Never Kick a Slipper at the Moon

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When a girl is growing up in the Rootabaga Country she learns some things to do, some things not to do.

“Never kick a slipper at the moon if it is the time for the Dancing Slipper Moon when the slim early moon looks like the toe and the heel of a dancer’s foot,” was the advice Mr. Wishes, the father of Peter Potato Blossom Wishes, gave to his daughter.

“Why?” she asked him.

“Because your slipper will go straight up, on and on to the moon, and fasten itself on the moon as if the moon is a foot ready for dancing,” said Mr. Wishes.

“A long time ago there was one night when a secret word was passed around to all the shoes standing in the bedrooms and closets.

“The whisper of the secret was: ‘To-night all the shoes and the slippers and the boots of the world are going walking without any feet in them. To-night when those who put us on their feet in the daytime, are sleeping in their beds, we all get up and walk and go walking where we walk in the daytime.’

“And in the middle of the night, when the people in the beds were sleeping, the shoes and the slippers and the boots everywhere walked out of the bedrooms and the closets. Along the sidewalks on the streets, up and down stairways, along hallways, the shoes and slippers and the boots tramped and marched and stumbled.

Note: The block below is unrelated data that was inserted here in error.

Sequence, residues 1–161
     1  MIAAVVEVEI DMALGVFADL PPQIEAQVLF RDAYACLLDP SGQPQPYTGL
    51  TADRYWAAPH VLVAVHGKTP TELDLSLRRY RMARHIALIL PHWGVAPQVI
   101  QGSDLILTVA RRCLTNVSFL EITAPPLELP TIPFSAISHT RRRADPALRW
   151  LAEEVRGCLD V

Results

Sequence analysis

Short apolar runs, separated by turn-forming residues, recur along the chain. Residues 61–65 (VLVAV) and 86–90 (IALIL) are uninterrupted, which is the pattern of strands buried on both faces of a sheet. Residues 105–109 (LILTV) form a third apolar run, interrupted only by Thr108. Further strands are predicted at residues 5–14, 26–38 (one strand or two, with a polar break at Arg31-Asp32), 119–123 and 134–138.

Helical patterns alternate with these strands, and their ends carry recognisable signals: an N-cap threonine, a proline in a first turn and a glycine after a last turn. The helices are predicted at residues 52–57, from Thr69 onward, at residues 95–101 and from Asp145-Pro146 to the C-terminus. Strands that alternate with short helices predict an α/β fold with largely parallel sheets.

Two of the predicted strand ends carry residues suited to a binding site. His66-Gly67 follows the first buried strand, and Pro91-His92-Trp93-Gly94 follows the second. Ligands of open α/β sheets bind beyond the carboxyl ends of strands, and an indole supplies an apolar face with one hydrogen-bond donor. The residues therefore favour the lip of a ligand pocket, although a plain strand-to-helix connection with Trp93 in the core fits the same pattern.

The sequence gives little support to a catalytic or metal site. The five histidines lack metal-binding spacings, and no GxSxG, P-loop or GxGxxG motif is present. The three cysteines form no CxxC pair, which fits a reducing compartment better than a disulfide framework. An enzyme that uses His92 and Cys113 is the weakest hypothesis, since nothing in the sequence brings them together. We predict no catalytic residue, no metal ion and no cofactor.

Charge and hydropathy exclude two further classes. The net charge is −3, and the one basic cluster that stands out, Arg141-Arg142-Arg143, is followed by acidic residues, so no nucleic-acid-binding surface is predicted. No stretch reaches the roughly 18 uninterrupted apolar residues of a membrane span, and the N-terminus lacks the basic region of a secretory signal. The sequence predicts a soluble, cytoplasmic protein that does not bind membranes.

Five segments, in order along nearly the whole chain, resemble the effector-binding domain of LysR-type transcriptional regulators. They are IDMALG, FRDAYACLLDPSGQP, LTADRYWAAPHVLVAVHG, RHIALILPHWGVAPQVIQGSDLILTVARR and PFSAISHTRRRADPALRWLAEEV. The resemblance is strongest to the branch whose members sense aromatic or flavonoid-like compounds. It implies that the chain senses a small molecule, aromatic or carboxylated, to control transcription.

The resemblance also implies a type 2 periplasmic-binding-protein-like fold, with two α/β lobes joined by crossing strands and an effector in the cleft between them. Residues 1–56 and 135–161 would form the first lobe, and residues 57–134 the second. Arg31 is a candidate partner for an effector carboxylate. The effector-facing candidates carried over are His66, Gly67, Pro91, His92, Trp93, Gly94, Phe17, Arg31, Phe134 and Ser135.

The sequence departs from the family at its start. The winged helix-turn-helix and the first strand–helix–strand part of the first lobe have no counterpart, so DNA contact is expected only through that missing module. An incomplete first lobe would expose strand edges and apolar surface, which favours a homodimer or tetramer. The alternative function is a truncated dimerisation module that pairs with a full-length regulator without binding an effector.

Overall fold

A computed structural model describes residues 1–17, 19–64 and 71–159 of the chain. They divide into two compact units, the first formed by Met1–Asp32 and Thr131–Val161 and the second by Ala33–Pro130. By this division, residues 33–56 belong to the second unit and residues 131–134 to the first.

“Some walked pussyfoot, sliding easy and soft just like people in the daytime. Some walked clumping and clumping, coming down heavy on the heels and slow on the toes, just like people in the daytime.

“Some turned their toes in and walked pigeon-toe, some spread their toes out and held their heels in, just like people in the daytime. Some ran glad and fast, some lagged slow and sorry.

“Now there was a little girl in the Village of Cream Puffs who came home from a dance that night. And she was tired from dancing round dances and square dances, one steps and two steps, toe dances and toe and heel dances, dances close up and dances far apart, she was so tired she took off only one slipper, tumbled onto her bed and went to sleep with one slipper on.

“She woke up in the morning when it was yet dark. And she went to the window and looked up in the sky and saw a Dancing Slipper Moon dancing far and high in the deep blue sea of the moon sky.

“‘Oh—what a moon—what a dancing slipper of a moon!’ she cried with a little song to herself.

“She opened the window, saying again, ‘Oh! what a moon!’—and kicked her foot with the slipper on it straight toward the moon.

“The slipper flew off and flew up and went on and on and up and up in the moonshine.

“It never came back, that slipper. It was never seen again. When they asked the girl about it she said, ‘It slipped off my foot and went up and up and the last I saw of it the slipper was going on straight to the moon.’”

And these are the explanations why fathers and mothers in the Rootabaga Country say to their girls growing up, “Never kick a slipper at the moon if it is the time of the Dancing Slipper Moon when the ends of the moon look like the toe and the heel of a dancer’s foot.”

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